Java agent - Bond or Smith?

The previous post about JVM turned out to be well-received, so I would like to uncover another fun topic related to JVM - Java agents. Although not everyone gets a chance to write custom Java agents in his career, they are still a wonderful field to explore and open an endless way to customize JVM behavior.

Java agents are special in the way that JVM allows them to do much more than a regular Java app is allowed to: they can instrument or profile code, hot-swap classes, patch methods, etc. This article will focus on pure Java agents, but it’s worth mentioning that there are also JNI agents that are completely different and can do even more.

Our first agent

Each agent has two possible entry points - premain and agentmain methods. They both have the same signature and take an argument string and an instrument object. The only difference between them is that premain is called when the agent is loaded before JVM starts and agentmain is called when the agent is attached to the running JVM later. We will be using premain:

package com.github.zserge.toyjavaagent;

import java.lang.instrument.Instrumentation;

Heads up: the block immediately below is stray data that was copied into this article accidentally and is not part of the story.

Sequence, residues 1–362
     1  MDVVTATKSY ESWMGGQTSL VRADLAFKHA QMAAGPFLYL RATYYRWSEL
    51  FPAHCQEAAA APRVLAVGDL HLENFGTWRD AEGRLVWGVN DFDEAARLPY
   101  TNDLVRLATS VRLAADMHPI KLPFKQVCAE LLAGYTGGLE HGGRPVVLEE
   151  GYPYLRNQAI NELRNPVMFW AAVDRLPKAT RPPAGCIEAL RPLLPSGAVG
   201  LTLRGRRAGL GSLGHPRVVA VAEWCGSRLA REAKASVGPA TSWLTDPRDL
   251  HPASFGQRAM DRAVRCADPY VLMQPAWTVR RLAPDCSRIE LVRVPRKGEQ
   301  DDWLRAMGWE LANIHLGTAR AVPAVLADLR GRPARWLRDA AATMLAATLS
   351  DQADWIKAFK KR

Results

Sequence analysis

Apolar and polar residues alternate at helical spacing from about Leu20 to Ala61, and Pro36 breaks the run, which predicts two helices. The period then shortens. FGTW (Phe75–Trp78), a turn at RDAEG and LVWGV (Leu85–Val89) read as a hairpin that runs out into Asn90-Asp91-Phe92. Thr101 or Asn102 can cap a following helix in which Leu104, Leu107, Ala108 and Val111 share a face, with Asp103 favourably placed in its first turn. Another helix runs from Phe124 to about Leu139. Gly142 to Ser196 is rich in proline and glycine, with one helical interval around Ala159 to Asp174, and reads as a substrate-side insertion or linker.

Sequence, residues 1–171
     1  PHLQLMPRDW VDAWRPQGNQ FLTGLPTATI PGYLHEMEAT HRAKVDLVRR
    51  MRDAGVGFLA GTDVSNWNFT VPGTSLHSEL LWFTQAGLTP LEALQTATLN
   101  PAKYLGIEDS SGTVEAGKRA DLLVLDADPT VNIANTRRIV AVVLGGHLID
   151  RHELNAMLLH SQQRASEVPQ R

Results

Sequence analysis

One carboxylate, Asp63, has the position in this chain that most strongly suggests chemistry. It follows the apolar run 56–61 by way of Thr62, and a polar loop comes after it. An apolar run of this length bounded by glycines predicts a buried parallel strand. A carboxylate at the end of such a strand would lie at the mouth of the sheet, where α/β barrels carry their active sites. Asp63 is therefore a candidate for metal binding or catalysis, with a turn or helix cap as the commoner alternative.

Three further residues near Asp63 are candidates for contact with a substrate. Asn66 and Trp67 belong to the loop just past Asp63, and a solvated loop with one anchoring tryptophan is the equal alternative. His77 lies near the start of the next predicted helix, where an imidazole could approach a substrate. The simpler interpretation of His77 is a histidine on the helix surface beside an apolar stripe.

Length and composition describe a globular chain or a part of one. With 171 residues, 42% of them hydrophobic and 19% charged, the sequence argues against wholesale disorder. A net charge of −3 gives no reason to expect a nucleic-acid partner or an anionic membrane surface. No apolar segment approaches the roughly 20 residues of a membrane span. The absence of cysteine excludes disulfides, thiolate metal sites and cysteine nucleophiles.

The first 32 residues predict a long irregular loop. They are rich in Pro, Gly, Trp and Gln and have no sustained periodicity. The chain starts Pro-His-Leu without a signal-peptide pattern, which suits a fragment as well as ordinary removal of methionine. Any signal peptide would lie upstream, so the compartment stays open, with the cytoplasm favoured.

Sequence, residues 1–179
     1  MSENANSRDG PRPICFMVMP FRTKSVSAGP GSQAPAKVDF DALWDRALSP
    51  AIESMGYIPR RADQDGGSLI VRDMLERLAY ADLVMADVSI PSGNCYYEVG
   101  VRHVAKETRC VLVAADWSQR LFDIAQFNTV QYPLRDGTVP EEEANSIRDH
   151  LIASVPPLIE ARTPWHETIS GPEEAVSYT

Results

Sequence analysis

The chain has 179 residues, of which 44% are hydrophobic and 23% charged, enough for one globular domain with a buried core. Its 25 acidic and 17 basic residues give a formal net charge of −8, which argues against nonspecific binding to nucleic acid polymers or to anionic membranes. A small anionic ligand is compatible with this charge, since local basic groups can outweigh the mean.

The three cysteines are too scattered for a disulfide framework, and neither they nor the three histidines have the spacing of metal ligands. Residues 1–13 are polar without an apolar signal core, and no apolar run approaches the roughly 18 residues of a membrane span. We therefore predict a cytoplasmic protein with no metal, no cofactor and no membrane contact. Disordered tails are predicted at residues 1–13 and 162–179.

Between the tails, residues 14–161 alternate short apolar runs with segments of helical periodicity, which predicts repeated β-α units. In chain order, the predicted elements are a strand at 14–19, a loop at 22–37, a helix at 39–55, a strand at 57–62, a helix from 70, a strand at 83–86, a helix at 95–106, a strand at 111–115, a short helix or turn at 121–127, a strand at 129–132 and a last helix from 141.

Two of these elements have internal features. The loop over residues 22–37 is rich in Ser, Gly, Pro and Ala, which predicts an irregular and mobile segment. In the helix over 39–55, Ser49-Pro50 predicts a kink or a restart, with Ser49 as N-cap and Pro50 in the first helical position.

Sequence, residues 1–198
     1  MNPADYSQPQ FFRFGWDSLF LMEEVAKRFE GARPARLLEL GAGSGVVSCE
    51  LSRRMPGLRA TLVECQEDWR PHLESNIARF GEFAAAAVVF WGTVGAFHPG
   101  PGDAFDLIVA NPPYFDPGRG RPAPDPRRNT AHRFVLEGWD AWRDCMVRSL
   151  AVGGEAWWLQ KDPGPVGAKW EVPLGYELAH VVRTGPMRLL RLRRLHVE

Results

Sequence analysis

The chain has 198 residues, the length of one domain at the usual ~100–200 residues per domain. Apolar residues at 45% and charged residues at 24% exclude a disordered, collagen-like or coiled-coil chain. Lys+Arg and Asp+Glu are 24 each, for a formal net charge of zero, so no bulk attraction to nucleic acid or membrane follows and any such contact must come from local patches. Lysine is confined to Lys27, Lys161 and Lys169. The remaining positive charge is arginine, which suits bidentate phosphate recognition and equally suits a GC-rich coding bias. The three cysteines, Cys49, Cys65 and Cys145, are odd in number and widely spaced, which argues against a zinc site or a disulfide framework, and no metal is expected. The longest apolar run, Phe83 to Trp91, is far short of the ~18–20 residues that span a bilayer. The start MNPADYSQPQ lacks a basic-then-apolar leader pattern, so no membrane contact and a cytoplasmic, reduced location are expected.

public class ToyAgent {
  public static void premain(String args, Instrumentation inst) {
    System.out.println("Agent says hello.");
  }
}

Agents are bundled and loaded as JAR files with a special manifest.mf, pointing to a class which is an entry point. We will be using gradle to build our agent, and the build.gradle would look like this:

plugins {
  id 'java'
}

repositories {
  mavenCentral()
}

dependencies {
  compile group: 'org.ow2.asm', name: 'asm', version: '8.0.1'
  testImplementation 'org.junit.jupiter:junit-jupiter-api:5.3.1'
  testRuntimeOnly 'org.junit.jupiter:junit-jupiter-engine:5.3.1'
}

jar {
  from { configurations.compile.collect { it.isDirectory() ? it : zipTree(it) } }
  manifest {
    attributes 'Implementation-Title': 'toy-agent',
               'Implementation-version': '1.0',
               'Premain-Class': 'com.github.zserge.toyjavaagent.ToyAgent',
               'Can-Retransform-Classes': 'true'
  }
}

test {
  useJUnitPlatform()
  jvmArgs '-javaagent:' + jar.archivePath
}

As you can see, java agents are not so different from regular java libraries. I have added ASM dependency here because we will be messing up with Java bytecode later. JUnit5 is used for testing and the goal of this article is to see what our agent can do to our test classes. That is why in the test section we prepend -javaagent command line option so that our test code runner would load our agent.

The jar section requires the manifest to be created and it should tell the JVM where our main agent class is located (ToyAgent) and what our agent is allowed to do (for example, retransform or redefine classes).